Looking for ways to optimize python lists? We will cover a few data structures and algorithms that will help you optimize your code when working with lists. At the end of this post you will have a general understanding of the bisect module, deques, and heaps. All of which can be helpful when using lists.
When working with a sorted list in python, you don’t have to use a for loop to iterate through it. Especially, when looking for an insertion point or categorizing numeric data. Searching a list using a for loop could potentially require us to iterate over the entire list before finding or not finding the value we are looking for. In terms of time complexity this is equivalent to O(n) because our execution time is dependent upon the size of the list. However, when using the bisect module a binary search is conducted improving the time complexity to O(log(n)).
In python, lists are optimized to be Last In First Out (LIFO) stacks. This optimization enables items to be added and removed from the right side of the list. When items are added to the left side of the list, the entire list is reallocated in memory. To prevent from reallocating memory when adding items to the left side of the list, you can use a deque from the collections module. Deque is a double ended queue that is optimized for adding items to both sides of a list. When using deque, item access time may be slower.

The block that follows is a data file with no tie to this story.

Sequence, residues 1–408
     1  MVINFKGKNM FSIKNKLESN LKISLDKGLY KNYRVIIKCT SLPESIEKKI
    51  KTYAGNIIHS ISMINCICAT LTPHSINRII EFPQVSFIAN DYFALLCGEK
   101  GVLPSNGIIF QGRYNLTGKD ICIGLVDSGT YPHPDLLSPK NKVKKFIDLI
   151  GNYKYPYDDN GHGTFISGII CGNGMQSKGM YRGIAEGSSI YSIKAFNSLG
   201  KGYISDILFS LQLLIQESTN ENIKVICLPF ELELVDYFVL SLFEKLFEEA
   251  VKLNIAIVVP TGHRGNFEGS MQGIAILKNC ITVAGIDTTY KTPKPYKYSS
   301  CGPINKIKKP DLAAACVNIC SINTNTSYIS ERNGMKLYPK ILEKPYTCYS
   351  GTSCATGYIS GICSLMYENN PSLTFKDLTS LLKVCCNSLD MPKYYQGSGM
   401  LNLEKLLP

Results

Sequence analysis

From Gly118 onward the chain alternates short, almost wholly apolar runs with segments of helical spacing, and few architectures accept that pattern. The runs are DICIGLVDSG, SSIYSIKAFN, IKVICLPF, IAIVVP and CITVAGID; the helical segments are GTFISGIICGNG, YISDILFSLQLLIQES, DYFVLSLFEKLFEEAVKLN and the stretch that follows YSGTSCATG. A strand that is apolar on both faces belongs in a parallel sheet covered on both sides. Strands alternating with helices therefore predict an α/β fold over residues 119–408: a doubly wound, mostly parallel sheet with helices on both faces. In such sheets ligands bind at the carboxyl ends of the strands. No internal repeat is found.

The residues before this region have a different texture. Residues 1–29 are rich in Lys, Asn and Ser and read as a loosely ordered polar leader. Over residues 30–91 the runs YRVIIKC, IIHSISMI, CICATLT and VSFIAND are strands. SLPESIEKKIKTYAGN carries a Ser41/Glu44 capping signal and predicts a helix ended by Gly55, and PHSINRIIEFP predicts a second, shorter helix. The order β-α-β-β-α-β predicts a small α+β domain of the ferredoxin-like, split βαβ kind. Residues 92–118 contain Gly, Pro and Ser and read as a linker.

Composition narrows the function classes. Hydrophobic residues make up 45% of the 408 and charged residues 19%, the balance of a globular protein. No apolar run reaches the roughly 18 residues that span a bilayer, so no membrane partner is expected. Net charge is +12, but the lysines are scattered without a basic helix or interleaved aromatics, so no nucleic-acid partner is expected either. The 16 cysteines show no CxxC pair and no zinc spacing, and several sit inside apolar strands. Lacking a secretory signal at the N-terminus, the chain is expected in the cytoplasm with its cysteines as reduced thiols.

In need of a priority queue? Then use the heapq module in your solution. Instead of sorting a list every time an item is added to the stack, you can leverage the heap data structure. Heapq will always pop the smallest element off of the stack and the heap will always store the smallest element at the first index of the heap. With the help of heaps and heapq, you are able to simplify your priority queue solution and increase efficiency.